Happy Tuesday everyone!

Although I missed my classmates and photography dearly this past Saturday, I will admit that it was a treat to be able to sleep in on Saturday morning. Spring Break Forever! Today I’m going to talk to you guys about last week’s class, and what I learned from my first time developing film in a darkroom.

I came into the city with my close friend Anna who also takes a class at FIT, and we met her friend from her class, Fiona, on the train. On our way to class we stopped at Gregory’s Coffee and Fresh&Co and spent some time catching up and chatting (I ordered a cappuccino and some green juice for during class—Anna got herself a little bottle of watermelon juice, and it matched her nails perfectly!). When we got to school we parted ways, me making my way into Pomerantz, and my friends heading to Business.

I came into this photography class with some experience in digital photography (all self taught) and absolutely no prior knowledge with film. 2 classes ago we spent about 2 hours walking around the city, specifically the flat iron district, snapping photos on film. Last class we spent the entire time developing our photos and learning the art of the darkroom—spoiler: it is not as easy as you would think. I had to leave class about an hour an a half early to make it home in time for my sister’s Confirmation, but I did have a chance to occupy the darkroom with 2 other classmates, and use the chemistry to develop my photos (my professor picked up where I left off—she dried and completed my development).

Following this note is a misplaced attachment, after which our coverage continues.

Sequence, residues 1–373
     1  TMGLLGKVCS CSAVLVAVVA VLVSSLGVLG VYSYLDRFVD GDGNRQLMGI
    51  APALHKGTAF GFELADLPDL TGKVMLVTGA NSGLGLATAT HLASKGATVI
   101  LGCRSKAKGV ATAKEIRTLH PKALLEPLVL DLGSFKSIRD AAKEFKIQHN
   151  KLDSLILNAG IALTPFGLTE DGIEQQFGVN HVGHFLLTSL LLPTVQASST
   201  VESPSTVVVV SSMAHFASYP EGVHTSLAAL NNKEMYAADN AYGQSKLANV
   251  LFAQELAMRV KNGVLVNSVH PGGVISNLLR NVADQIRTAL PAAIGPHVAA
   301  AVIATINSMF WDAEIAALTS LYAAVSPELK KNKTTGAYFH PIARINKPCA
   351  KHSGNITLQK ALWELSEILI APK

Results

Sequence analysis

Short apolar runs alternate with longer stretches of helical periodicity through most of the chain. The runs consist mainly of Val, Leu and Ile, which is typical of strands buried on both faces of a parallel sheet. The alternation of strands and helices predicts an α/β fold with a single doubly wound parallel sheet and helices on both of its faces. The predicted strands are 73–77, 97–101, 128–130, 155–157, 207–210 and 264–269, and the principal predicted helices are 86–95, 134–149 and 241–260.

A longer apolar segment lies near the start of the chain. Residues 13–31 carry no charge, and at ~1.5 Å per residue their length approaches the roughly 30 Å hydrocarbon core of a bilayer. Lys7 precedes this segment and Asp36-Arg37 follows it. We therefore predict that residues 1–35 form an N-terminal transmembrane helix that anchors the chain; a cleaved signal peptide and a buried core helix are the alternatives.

So the darkroom is A LOT darker than I was expecting—I thought my eyes would eventually adjust to the lack of light and I would maybe see the outline of what I was doing, but nope! Pitch black the entire time, which is probably better considering my claustrophobia would’ve kicked once I realized how enclosed and small the space I was in was. I shared my darkroom with 2 other girls, and we took turns cutting, rolling, and enclosing our film in our cages and tanks—thank God one of them has had experience with the darkroom before, because I could not open my film container with the can opener in the dark for the life of me. After a few attempts, we were all finally successful, and we triumphantly left the dark room after about 20 minutes—pretty good for our first time if you ask me. I then spent the rest of my class using chemicals to develop my film, and I left class with chemical stains all over my shirt and ID (if you close up on the picture of my outfit you’ll notice the stains). I put together a few tips to keep in mind while using the dark room to make your experience run smoother, especially if it’s your first time: